I look forward to reading what he has to say, but till I get that chance some readers here might like to check out his comments and comment there, here, before I do.

What I want as an atheist a human

What I want as an atheist
What I want as an atheist

This post follows on from (a) the discussion that took place in the wake of my Atheism without the extras, please post and (b) as a direct response to another Atheist+ (Freethought Blog) post that has recently been published by Luciano Gonzalez: What I Want As an Atheist. I really hope before reading the following you read Luciano’s post (I have modeled my own post on his paragraph points) or even the earlier discussion on this blog. So here’s saying Hello to Luciano — thanks for your post, and I hope you can appreciate my response even if you don’t agree with it.

–o0o–

As an atheist who takes his atheism, like his right-handedness, for granted, I rarely get involved in discussions about my beliefs. If one were to ask me “What do you want as an atheist?” I would agree with Luciano that it is a silly question and probably reply, “to be free not to believe in any gods.”

I used to be something of an anti-theist. That was in my first flush of leaving my coffin of religion behind and when I was still struggling to come to terms with what had happened to me (and the pain I had caused others) in all those fantasy years. Religion was a baleful influence in the world and its purveyors needed to challenged or excluded from activities that they were using to promote their ‘good works’ propaganda to the public.

I lost that angry antagonism after I came to terms with myself and my own experience with my past destructive cult experience. A huge help in that direction (among a number of sources of assistance) was psychologist Marlene Winell’s book, Leaving the Fold. I not only came to understand why I had got mixed up with the outfit in the first place, but most importantly, I learned to forgive and accept myself. And from that position I found myself forgiving and accepting others, too. I understood where other religious people were coming from and even felt for their situations.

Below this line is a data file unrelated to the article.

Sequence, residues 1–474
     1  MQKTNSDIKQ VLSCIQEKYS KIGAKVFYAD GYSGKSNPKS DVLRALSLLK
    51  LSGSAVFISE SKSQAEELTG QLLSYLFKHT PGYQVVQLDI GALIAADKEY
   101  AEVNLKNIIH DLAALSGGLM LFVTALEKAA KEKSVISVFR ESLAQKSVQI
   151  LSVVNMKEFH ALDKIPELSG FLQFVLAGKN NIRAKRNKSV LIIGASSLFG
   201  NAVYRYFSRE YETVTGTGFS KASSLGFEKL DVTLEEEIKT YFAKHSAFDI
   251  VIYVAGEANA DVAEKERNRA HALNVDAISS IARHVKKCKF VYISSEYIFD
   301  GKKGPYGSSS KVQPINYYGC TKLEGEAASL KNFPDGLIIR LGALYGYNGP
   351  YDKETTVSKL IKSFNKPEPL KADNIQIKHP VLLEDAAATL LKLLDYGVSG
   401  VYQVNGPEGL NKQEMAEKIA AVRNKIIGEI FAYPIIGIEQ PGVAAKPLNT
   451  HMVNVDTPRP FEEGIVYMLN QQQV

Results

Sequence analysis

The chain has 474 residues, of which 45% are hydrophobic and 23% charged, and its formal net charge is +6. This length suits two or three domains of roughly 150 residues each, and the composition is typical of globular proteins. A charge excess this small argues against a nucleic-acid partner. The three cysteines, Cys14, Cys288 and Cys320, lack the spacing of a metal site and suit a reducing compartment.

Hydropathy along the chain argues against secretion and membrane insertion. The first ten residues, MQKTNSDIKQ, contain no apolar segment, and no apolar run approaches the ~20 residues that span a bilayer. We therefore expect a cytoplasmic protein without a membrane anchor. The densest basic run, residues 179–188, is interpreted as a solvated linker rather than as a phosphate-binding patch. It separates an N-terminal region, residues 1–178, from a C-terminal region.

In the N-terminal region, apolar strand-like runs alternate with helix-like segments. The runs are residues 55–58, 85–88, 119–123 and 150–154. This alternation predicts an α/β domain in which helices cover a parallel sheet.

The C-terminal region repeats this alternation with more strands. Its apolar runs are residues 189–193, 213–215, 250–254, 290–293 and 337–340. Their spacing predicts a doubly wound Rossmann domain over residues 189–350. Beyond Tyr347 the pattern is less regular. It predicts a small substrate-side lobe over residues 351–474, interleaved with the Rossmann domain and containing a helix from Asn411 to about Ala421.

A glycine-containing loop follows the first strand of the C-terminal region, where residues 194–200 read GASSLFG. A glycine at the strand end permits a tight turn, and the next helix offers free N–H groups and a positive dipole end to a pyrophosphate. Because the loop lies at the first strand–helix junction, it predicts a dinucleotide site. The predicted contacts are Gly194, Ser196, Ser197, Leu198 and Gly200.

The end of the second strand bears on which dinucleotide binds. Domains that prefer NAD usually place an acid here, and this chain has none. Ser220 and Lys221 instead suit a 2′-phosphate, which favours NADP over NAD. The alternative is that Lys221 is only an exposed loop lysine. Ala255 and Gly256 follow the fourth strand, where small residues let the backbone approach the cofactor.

I was not interested in supporting groups dedicated to attacking religious cults. Such attacks only fueled the persecution syndrome of the cultists themselves. The harm done within cults is enough to prise out defections. What is important is that such members who begin to question their beliefs have support, and that’s what I was very keen to offer. (I have described some of my activities at this time several times before: for those not familiar with the story, it involves newspaper advertising, community group meetings, etc. – and eventually even this blog.)

What do I want? read more »

Interview